Robert Samuelson has an interesting column about the economic problem of risk-aversion:
The Great Recession’s most worrisome legacy could be this common allergy toward risk-taking. Having underestimated risks in the bubble years, we may overestimate them now. Consider the shriveling of venture capital — a big source of money for high-tech start-ups. In 2009, venture capital funds received less than half the $35 billion they raised in 2007, and inflows in 2010 are running 27 percent below 2009 levels. The institutions (pensions, endowments) and wealthy individuals that provide venture capital have less money to invest and are less willing to commit it to chancy firms.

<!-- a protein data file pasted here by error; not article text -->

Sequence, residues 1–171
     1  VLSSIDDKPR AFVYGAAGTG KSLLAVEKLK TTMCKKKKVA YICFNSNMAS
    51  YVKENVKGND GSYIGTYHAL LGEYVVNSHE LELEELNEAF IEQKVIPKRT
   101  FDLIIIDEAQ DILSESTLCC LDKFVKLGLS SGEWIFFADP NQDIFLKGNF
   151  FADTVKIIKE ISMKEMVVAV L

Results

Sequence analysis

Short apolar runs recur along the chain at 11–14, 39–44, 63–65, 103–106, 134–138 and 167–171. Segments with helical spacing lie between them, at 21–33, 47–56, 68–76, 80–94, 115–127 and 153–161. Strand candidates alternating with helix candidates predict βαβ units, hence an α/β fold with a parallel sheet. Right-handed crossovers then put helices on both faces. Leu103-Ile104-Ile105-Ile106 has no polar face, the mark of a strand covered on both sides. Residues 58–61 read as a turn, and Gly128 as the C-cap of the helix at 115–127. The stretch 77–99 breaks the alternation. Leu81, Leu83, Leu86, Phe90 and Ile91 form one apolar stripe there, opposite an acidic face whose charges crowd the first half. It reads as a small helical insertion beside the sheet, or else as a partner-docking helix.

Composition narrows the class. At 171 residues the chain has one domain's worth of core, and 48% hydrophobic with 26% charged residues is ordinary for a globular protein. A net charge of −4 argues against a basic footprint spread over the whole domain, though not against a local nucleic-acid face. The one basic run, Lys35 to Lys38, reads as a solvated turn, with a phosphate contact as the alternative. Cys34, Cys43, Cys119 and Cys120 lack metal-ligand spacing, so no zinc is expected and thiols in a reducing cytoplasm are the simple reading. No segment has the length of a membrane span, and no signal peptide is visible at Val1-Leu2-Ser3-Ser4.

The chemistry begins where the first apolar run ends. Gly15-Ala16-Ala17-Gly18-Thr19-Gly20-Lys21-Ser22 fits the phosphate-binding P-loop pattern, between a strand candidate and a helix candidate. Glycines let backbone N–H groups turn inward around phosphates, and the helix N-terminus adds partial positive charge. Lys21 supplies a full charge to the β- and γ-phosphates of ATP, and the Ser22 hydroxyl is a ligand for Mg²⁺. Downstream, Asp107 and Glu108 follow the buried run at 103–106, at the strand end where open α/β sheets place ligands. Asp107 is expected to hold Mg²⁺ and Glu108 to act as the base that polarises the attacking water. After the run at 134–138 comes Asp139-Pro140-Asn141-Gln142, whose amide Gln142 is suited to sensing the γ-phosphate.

I would put this another way, though. The allergy toward risk-taking isn’t a consequence of the recession, it’s something that existed even beforehand. After the dot-com bubble and the Enron/Worldcom accounting scandals, people were looking for safe investments. And the selling point of housing (for ordinary households) and mortgage-backed securities (for big shots) was that this was supposed to be a basically safe non-speculative investment with a somewhat higher yield than a savings account or a treasury bond. That turned out to be an illusion, but it was a risk-averse pursuit from the beginning.